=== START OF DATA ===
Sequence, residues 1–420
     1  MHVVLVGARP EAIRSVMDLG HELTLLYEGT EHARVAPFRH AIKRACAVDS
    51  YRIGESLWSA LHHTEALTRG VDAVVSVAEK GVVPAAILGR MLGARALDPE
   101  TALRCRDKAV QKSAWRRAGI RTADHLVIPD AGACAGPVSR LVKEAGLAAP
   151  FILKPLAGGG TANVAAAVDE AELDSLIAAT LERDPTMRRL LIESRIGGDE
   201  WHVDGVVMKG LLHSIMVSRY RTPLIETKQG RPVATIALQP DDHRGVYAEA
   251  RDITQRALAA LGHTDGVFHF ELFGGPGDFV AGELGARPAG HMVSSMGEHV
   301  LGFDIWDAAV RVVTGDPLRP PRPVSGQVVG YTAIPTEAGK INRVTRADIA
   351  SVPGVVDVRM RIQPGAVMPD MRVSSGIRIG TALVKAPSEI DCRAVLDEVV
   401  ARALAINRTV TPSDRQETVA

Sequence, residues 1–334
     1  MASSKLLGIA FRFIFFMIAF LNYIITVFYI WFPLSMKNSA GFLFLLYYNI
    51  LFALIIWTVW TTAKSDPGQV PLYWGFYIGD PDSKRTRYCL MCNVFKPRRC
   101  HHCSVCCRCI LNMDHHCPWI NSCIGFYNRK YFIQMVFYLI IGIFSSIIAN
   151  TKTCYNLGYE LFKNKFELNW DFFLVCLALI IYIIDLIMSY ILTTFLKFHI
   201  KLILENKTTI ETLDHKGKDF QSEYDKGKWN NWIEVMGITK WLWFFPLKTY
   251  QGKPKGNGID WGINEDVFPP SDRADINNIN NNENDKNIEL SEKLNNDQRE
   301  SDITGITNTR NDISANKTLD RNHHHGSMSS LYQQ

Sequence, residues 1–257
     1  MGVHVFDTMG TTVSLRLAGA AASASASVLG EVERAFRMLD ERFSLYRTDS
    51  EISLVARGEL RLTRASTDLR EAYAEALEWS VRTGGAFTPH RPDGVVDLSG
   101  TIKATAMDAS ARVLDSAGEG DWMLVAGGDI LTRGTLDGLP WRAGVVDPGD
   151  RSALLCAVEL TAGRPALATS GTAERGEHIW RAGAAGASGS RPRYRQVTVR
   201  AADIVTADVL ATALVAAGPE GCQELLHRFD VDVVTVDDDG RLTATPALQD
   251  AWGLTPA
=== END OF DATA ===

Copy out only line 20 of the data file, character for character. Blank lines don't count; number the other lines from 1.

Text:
     1  MGVHVFDTMG TTVSLRLAGA AASASASVLG EVERAFRMLD ERFSLYRTDS